Caribbean Tourism: Complacency puts Caribbean people and economies at risk
Secretary General of the Caribbean Tourism Organization (CTO) Hugh Riley has called on Caribbean states to take tsunami preparedness seriously, stating to do otherwise would put the people and regional economies at risk.
Speaking in Paris, France, during a discussion organised by the United Nations Educational, Scientific and Cultural Organization (UNESCO) to raise awareness of the threats posed by tsunamis, Riley insisted that Caribbean countries risked paying the price for complacency.
He stressed with the Caribbean being comprised mainly of low-lying states, and with most tourism assets and hotel investments located at or near coastal areas, the tourism sector is extremely vulnerable to the threat of tsunamis.
“Tourism is the main economic driver of the Caribbean, representing 80 per cent of the region’s gross domestic product and more than one million jobs so we cannot ignore a tsunami risk,” he told fellow panellists and the wider audience, which included representatives from Grenada, Saint Lucia and St. Vincent & the Grenadines.
“Complacency puts us in real danger and we must raise the Caribbean’s voice by advocating for our members during this important global forum,” he added.
The event was being held in advance of World Tsunami Awareness Day on 5 Nov. 2018. The secretary general noted that the region had experienced 11 tsunamis in the past, the most recent of which occurred in 2010, and six between 1902 and 1997.
He suggested that because there has been no “recent” impact on the region, tsunamis are not considered an imminent threat, therefore, they are not given sufficient attention.
He called for an increase in tsunami awareness and sensitisation of the tourism sector and the wider Caribbean community, as well as support for training by regional institutions and countries to develop preparedness and response protocols.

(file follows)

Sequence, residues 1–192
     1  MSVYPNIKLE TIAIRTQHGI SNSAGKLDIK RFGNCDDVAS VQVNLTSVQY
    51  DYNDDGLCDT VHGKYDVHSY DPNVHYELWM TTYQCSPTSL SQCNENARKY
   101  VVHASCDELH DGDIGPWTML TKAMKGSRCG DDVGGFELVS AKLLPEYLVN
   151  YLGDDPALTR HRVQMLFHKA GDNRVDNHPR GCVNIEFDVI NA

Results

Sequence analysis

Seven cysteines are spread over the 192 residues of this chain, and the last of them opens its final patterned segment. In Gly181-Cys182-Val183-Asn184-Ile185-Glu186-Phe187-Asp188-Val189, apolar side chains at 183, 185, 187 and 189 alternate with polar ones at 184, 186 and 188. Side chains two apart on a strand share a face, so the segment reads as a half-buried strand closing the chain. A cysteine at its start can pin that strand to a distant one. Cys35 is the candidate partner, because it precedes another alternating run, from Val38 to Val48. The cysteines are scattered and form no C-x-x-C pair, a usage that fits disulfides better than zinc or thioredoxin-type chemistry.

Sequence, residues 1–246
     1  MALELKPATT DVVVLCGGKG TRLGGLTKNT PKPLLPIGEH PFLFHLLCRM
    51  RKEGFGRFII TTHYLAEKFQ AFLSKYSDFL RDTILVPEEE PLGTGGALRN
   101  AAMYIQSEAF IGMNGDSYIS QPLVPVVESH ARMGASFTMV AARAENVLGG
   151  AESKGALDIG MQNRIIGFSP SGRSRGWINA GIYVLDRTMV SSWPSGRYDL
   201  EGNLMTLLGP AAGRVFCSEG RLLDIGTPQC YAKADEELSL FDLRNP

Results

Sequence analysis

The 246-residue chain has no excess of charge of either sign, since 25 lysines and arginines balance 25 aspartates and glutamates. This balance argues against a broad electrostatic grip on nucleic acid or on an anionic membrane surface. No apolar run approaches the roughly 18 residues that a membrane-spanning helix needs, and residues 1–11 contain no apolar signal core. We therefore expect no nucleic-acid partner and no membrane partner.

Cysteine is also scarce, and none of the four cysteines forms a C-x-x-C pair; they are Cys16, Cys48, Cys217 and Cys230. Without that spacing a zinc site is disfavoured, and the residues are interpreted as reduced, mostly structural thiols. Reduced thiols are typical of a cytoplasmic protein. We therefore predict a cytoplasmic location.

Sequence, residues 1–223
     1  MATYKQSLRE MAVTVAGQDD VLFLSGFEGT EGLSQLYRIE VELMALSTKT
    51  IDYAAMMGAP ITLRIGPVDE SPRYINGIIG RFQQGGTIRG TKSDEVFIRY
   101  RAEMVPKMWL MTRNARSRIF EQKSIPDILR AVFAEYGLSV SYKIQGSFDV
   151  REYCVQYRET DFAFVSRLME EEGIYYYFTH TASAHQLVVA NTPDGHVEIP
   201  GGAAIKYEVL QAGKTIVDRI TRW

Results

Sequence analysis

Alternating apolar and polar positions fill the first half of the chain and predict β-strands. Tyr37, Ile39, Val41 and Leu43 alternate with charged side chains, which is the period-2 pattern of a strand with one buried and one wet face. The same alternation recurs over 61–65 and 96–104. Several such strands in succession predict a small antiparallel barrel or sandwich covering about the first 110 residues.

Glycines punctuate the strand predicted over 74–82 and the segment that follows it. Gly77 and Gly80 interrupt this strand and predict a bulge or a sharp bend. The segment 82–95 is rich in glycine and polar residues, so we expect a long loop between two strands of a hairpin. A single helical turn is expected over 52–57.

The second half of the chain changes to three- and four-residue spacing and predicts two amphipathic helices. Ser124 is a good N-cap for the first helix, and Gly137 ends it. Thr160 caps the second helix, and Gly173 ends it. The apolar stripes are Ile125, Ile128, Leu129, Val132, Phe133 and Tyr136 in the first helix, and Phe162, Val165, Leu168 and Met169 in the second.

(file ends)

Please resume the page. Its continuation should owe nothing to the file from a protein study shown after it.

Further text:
“The CTO recognises that tsunami preparedness is critical, which includes well-established and tested response protocols which will ultimately reduce loss of life and economic damage. We also need to enhance collaboration with countries recently and frequently impacted by tsunami hazards in order to develop best practices.”
Riley highlighted several CTO members’ tsunami readiness initiatives, including Anguilla, the first English-speaking Caribbean island to be recognised as “tsunami ready” in September 2011 and has maintained certification status. Since then the British Virgin Islands and St. Kitts and Nevis have received similar recognition, all having established emergency operating centres, national tsunami plans, public outreach and alert systems, public service information programmes and tsunami preparedness and response protocols.
The high-level panel was organised by UNESCO’s Intergovernmental Oceanographic Commission (IOC) and the United Nations Office for Disaster Risk Reduction (UNISDR) to discuss policies and practices to reduce tsunami risks in countries highly dependent on tourism revenue.
The meeting opened with a minute’s silence in memory of the 2,000 confirmed dead and 680 officially missing in the tsunami and earthquake which struck Indonesia on 28 Sept. 2018. The double disaster left almost 70,000 people homeless and 11,000 injured in the Indonesian cities of Palu and Donggala in Central Sulawesi.